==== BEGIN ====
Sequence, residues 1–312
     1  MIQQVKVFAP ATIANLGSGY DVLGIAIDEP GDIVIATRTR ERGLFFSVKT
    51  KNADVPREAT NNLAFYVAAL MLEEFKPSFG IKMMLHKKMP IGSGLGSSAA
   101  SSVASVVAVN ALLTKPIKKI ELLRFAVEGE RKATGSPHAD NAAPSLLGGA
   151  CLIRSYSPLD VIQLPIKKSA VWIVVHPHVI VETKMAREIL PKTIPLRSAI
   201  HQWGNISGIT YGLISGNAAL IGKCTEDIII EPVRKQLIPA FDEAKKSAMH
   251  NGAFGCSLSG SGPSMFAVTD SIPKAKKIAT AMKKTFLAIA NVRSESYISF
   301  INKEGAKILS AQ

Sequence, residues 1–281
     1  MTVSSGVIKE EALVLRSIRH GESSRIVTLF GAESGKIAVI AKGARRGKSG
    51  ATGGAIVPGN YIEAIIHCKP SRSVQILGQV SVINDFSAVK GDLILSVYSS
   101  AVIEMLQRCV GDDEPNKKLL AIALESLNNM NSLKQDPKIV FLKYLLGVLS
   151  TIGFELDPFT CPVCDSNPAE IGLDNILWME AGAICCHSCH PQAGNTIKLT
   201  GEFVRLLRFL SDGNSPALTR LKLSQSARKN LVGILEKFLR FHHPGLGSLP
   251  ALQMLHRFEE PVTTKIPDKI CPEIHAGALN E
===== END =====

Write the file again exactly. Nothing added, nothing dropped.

Sequence, residues 1–312
     1  MIQQVKVFAP ATIANLGSGY DVLGIAIDEP GDIVIATRTR ERGLFFSVKT
    51  KNADVPREAT NNLAFYVAAL MLEEFKPSFG IKMMLHKKMP IGSGLGSSAA
   101  SSVASVVAVN ALLTKPIKKI ELLRFAVEGE RKATGSPHAD NAAPSLLGGA
   151  CLIRSYSPLD VIQLPIKKSA VWIVVHPHVI VETKMAREIL PKTIPLRSAI
   201  HQWGNISGIT YGLISGNAAL IGKCTEDIII EPVRKQLIPA FDEAKKSAMH
   251  NGAFGCSLSG SGPSMFAVTD SIPKAKKIAT AMKKTFLAIA NVRSESYISF
   301  INKEGAKILS AQ

Sequence, residues 1–281
     1  MTVSSGVIKE EALVLRSIRH GESSRIVTLF GAESGKIAVI AKGARRGKSG
    51  ATGGAIVPGN YIEAIIHCKP SRSVQILGQV SVINDFSAVK GDLILSVYSS
   101  AVIEMLQRCV GDDEPNKKLL AIALESLNNM NSLKQDPKIV FLKYLLGVLS
   151  TIGFELDPFT CPVCDSNPAE IGLDNILWME AGAICCHSCH PQAGNTIKLT
   201  GEFVRLLRFL SDGNSPALTR LKLSQSARKN LVGILEKFLR FHHPGLGSLP
   251  ALQMLHRFEE PVTTKIPDKI CPEIHAGALN E